What's My Line?

Season 16 Episode 39

EPISODE #766

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Aired Daily 12:00 AM May 30, 1965 on CBS

Trivia

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  • Notes

    • (1) "LIVE" WATCH: Tonight's live broadcast had the distinction of being the 52nd known surviving kinescope to have the word "live" cut out from the opening.
      (2) ANTHONY NEWLEY: Besides what has been mentioned about Anthony Newley's long career, special mention should be made of one of the songs from "Willy Wonka and the Chocolate Factory," "The Candy Man." That tune, upon its release on MGM single #K-14320 towards the end of 1971, became the biggest hit single of the long career of occasional "WML?" mystery guest and guest panelist Sammy Davis, Jr. In mid-1972, it reached the top of the pop singles chart. (Davis had previously had a Top Ten hit in 1962 with "What Kind of Fool Am I?") In addition, Mr. Newley was also responsible for the infamous 1969 flop "Can Hieronymus Merkin Ever Forget Mercy Humppe and Find True Happiness?" which he and then-wife Joan Collins co-starred (he played "Merkin"); the film also featured in small roles Newley and Collins' two children, Tara and Alexander (aka Sasha), as well as two people who had appeared on "WML?" as guest panelists and/or mystery guests, Milton Berle and George Jessel; and in the role of "Mercy Humppe" was Connie Kreski, who in 1969 was Playboy's Playmate of the Year. To date (as of 2007), this movie has never been commercially released on VHS or DVD.
      (3) "SIGN IN" WATCH: For the first time in quite a few years, John uses the old "Will you come in and sign in, please?" salutation when calling for mystery guests Anthony Newley and Joan Collins.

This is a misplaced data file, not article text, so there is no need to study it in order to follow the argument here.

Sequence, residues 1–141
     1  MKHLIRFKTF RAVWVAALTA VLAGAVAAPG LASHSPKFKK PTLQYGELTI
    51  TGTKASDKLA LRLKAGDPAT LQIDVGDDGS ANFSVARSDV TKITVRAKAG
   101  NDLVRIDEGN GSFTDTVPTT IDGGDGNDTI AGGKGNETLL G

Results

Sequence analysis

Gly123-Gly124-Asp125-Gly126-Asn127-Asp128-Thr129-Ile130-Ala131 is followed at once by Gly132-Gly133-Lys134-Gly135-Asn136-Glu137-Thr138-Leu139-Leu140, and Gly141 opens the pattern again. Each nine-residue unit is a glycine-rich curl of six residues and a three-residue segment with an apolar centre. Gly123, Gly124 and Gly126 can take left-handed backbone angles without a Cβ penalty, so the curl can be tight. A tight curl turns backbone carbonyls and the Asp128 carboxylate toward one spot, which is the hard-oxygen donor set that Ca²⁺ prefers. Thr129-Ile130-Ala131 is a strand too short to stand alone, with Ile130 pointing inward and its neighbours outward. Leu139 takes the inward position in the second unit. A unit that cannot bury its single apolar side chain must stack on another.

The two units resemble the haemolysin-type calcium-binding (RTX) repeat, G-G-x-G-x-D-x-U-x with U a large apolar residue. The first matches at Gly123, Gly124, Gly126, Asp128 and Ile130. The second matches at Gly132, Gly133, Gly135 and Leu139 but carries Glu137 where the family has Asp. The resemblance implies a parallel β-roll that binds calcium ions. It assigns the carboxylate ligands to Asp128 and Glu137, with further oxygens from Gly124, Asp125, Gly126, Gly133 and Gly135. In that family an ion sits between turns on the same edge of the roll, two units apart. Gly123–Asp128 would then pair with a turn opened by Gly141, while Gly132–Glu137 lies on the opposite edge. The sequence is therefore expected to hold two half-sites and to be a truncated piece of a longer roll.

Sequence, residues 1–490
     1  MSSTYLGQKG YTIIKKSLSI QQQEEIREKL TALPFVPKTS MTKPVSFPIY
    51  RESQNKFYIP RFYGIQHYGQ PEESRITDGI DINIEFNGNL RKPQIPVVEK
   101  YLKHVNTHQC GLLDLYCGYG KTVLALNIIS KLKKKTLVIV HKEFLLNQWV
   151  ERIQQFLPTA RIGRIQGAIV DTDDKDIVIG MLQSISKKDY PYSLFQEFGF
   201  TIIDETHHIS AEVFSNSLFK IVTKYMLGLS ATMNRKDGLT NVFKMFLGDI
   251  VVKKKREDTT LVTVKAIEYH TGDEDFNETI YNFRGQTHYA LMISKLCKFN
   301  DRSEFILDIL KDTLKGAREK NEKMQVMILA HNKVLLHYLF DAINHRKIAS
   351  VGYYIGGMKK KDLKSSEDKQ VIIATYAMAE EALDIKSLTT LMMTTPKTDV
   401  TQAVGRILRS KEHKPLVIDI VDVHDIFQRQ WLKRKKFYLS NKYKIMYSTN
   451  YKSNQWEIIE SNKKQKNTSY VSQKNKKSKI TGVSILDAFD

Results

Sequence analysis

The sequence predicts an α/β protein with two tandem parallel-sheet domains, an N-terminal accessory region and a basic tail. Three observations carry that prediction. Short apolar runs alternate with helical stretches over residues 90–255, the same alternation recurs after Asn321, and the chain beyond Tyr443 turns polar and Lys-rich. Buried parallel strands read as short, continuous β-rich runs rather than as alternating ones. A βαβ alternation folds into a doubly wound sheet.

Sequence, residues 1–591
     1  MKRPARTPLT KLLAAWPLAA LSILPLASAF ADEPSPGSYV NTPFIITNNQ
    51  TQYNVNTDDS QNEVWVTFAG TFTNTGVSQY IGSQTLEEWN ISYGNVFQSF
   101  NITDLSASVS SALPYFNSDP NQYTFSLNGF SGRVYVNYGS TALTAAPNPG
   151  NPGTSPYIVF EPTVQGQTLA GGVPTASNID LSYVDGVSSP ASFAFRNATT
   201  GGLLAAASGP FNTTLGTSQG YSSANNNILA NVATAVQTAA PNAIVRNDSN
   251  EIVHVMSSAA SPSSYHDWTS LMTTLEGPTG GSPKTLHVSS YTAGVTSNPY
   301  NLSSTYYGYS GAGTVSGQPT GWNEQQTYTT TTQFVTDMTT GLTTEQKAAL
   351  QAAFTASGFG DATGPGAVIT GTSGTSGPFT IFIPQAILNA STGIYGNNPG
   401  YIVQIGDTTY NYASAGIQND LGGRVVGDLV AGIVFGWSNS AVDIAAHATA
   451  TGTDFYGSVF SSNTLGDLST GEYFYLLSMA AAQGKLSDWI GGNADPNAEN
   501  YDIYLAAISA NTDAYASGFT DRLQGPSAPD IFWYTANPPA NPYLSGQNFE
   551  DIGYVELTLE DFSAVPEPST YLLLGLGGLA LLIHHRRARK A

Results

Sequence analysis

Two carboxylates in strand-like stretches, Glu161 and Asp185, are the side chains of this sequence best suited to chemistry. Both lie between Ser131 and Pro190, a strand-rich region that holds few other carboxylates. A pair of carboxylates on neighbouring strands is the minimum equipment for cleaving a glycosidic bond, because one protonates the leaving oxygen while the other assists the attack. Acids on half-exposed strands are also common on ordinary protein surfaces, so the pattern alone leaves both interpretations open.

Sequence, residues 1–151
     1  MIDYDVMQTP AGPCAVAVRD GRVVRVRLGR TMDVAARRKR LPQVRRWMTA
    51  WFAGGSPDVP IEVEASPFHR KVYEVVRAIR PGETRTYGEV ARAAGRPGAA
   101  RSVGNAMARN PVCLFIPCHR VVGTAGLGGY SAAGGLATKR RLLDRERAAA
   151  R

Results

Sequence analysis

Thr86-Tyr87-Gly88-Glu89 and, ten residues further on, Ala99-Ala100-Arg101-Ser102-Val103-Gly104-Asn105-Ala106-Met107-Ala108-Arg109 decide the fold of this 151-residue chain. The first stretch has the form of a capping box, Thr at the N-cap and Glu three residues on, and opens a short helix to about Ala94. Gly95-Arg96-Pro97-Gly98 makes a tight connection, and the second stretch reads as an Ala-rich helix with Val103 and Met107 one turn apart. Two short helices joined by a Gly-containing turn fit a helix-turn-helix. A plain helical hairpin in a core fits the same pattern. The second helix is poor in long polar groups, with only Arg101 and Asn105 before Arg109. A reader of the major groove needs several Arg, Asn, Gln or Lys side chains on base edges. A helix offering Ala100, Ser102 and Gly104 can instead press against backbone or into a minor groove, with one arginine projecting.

(4) ABOUT TONIGHT'S OPENING "WML?" SPONSOR: Besides marketing shaving razors such as the "Speedshaver" which was the opening sponsor for tonight's show, Norelco would also introduce a product in 1965 which changed the course of the development of color television in America. In that year, the company first marketed a product developed by its parent, Netherlands-based N.V. Philips, a color studio camera called the PC-60 whose picture was provided by three Plumbicon tubes. (Earlier color cameras, such as RCA's TK-41, used image orthicon tubes, and that company's more recent TK-42 used vidicon tubes for the color picture and a large image orthicon tube for the luminance, or "Y" signal.) The picture elicited from these cameras was a vast improvement over the aforementioned earlier models. And from the point of view of CBS, which began using PC-60's in their studios the next (1965-1966) season as part of their push towards regularly scheduled color programming, besides the improved picture quality, an added bonus was that the camera was not manufactured by RCA; indeed, the PC-60 (and Ampex's high-band VR-2000 quadruplex video recorder, also introduced around this time) ended once and for all RCA's domination of the color broadcast equipment market.
      (5) "WML?" CREW CREDITS WATCH: Once again, James Murphy is credited as production supervisor, and this week, onetime "WML?" lighting director Hal Anderson returns to his old job, filling in for then-current lighting director Gene Ulrich.
      (6) Following GSN's February 5, 2007 airing of tonight's show, the channel aired a black-and-white kinescope episode of the "classic CBS" version of "To Tell the Truth" from March 5, 1957, hosted by Bud Collyer, with Polly Bergen, Ralph Bellamy, Kitty Carlisle (in her very first "TTTT" appearance) and Hy Gardner as the panelists, and Geritol as the sponsor. The first contestants were Steve Martini (personal barber to President Eisenhower) and two impostors, the second contestants were famed rock and roll disc jockey Alan Freed and two impostors, and the third contestants were Mrs. Arthur Whittaker and two impostors. - W-B (2007)

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